Inside Pesticide-Free Certification Program for Pot Grows

Inside a warehouse marijuana grow
Inside a warehouse marijuana grow
Lindsey Bartlett

As commercial marijuana grows in Colorado continue to receive plant quarantines and product recalls over the use of potentially harmful pesticides, herbicides and fungicides, one industry group is trying to ensure safe growing practices. The Organic Cannabis Association's pesticide-free certification program will test participating grows for residuals of harmful pesticides and award scores based on the products used at the grow.

"We view cannabis producers as just another set of farmers," says John-Paul Maxfield, chairman of the OCA. "This is our first step toward building a larger organic certification."

Maxfield, the founder and CEO of a sustainable agriculture business in Colorado, started the OCA in 2014 after seeing the word "organic" thrown around loosely in the marijuana industry. Because marijuana is federally illegal, and the USDA — a federal institution — administers organic certification for farmers, marijuana businesses were unable to apply for certification. But they were also able to use the term, because the federal regulators can't touch them.

"We knew there was a consumer demand for organic cannabis, but a lack of a true market," Maxfield says. "We hope to have a process to certify organic growers soon, but the pesticide issue was the lowest-hanging fruit right now and the biggest place to start to drive change."

The change can't come soon enough for consumers. On Friday, March 11, the Colorado Marijuana Enforcement Division announced that Boulder dispensary The Farm and Lyons dispensary Headquarters Cannabis Co. both had cannabis recalled because of high levels of avermectin — a banned insecticide found in Avid and Lucid chemical products. It was the ninth marijuana product hold or recall announced by the MED, and there have been dozens more courtesy the Denver Department of Environmental Health since last March.

In order to complete the OCA's pesticide certification, plants must have zero residual pesticides at harvest, and grows that only use products approved by the Organic Material Review Institute will receive higher marks, Maxfield says. Any products used that are banned by the Colorado Department of Agriculture will also mean failing marks.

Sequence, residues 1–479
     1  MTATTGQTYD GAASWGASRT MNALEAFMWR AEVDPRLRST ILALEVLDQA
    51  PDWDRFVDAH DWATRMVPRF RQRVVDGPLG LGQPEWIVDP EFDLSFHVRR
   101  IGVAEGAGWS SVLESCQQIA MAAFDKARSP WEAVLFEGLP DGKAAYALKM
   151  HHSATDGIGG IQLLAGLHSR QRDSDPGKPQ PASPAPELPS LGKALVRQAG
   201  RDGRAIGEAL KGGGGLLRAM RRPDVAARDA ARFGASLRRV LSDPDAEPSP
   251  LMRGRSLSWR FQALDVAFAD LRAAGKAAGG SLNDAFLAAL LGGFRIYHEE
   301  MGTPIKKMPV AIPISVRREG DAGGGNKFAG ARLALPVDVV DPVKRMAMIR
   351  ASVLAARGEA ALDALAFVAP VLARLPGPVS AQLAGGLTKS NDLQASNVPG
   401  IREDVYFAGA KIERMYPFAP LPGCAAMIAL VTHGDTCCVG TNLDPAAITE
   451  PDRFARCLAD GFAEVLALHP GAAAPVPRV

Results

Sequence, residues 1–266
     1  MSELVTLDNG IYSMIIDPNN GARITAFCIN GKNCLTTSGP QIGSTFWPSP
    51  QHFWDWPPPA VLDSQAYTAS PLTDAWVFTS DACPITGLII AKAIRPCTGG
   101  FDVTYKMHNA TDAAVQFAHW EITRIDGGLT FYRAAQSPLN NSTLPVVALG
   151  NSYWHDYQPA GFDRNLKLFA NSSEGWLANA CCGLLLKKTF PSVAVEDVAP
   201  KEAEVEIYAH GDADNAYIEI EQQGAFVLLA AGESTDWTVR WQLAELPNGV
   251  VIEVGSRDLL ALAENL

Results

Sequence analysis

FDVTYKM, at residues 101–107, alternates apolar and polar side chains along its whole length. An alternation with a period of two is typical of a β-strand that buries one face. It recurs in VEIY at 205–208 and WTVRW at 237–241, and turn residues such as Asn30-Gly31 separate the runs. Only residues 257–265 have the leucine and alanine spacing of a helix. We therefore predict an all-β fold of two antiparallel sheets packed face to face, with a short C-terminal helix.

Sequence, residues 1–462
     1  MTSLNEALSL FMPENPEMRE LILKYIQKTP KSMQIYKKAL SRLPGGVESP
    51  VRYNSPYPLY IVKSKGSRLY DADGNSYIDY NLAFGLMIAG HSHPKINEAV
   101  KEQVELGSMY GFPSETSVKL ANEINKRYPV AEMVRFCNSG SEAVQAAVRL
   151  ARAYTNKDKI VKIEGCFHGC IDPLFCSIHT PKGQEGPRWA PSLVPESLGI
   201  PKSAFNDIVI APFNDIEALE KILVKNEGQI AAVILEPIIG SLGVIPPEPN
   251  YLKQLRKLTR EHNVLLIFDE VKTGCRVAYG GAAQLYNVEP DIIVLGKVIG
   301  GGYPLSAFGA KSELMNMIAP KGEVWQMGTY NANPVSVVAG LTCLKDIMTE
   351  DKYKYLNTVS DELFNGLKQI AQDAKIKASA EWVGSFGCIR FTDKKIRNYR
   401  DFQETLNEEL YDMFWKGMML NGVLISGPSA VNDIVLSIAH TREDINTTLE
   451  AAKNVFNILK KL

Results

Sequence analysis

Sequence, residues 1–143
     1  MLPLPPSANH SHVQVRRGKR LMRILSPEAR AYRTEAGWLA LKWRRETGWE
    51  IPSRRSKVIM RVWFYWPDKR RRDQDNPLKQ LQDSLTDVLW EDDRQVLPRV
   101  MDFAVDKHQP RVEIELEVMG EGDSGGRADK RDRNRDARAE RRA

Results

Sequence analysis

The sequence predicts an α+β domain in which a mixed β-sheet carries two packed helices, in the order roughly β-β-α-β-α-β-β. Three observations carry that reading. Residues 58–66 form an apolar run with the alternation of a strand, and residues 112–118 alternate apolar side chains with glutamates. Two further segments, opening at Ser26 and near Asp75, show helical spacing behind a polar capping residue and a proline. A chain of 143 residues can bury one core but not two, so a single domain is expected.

The state addressed the issue last November when Governor John Hickenlooper's office called unapproved marijuana pesticides "a threat to public safety." Last month, Colorado state representatives Jonathan Singer of Longmont and KC Becker of Boulder proposed House Bill 16-1079, which would set up a certification process through independent organizations that would test medical and recreational marijuana and industrial hemp from pesticides and other contaminates. 

OCA boardmember Ben Gelt says that he has had discussions with legislators about working with the state to monitor growing practices, but thinks the bill is more focused on organic practices than pesticide regulation. He feels that taking smaller steps is necessary. 

"In cannabis, in particular, there is such a huge gap in consumer education," he says. "There are none of the controls you have in food, alcohol or even diet supplements."

According to Gelt, grows that participate in the pesticide-certification program will be checked regularly by inspectors with at least two years' experience with organic testing and one year of experience related to taking organic tissues. He says the OCA is currently having preliminary discussions with several Colorado grows to begin inspections.

"It might take some time, but the sooner we start looking at sustainable cannabis, the better," Maxfield adds. "It took time with food. People started making organic organizations way back in the early '90s, but it wasn't until 2001 that the USDA created certified organic."

Keep reading for marijuana events:

You just can't beat good genetics.
You just can't beat good genetics.
Lindsey Bartlett

Upcoming Events

Enjoy beverages and scientific pot conversation during another session of Frank Talk: The Science of Cannabis this Tuesday, March 15, from 6:30 to 8 p.m. at Fort Greene. After enjoying happy-hour drinks from 5 to 6:30 p.m., learn about the magical herb from Frank Conrad, lab director of the cannabis testing facility Colorado Green Labs. Admission is free.

Clover Leaf University will offer its Cannabis Breeding 101: Expert Strain Breeding and Genetics class on Tuesday, March 15, from 4 to 8 p.m. at the CLU campus. For $299, students will learn how to manipulate the genetics of cannabis strains and efficiently breed marijuana on any scale.

The Cannabis Clinicians of Colorado's monthly meetings have a new home at the Plaza Building on the Auraria campus. This month's edition will be held on Tuesday, March 15, from 6:30 to 8:30 p.m. After the usual snacks, networking and regulation updates, Dr. Michele Ross of the IMPACT Network will explain how cannabis can help curb harmful addictions. Tickets are $15 for CCC members and $30 for non-members.

CLU will also present its Cannabis Business Marketing class on Thursday, March 17, from 4 to 8 p.m. at the CLU campus. Students will learn about marijuana advertising, customer service, sales and public relations in an effort to maximize their share of the growing legal pot market. Registration is $299.

Know of an event that should be in the Cannabis Calendar? Send it to marijuana@westword.com.


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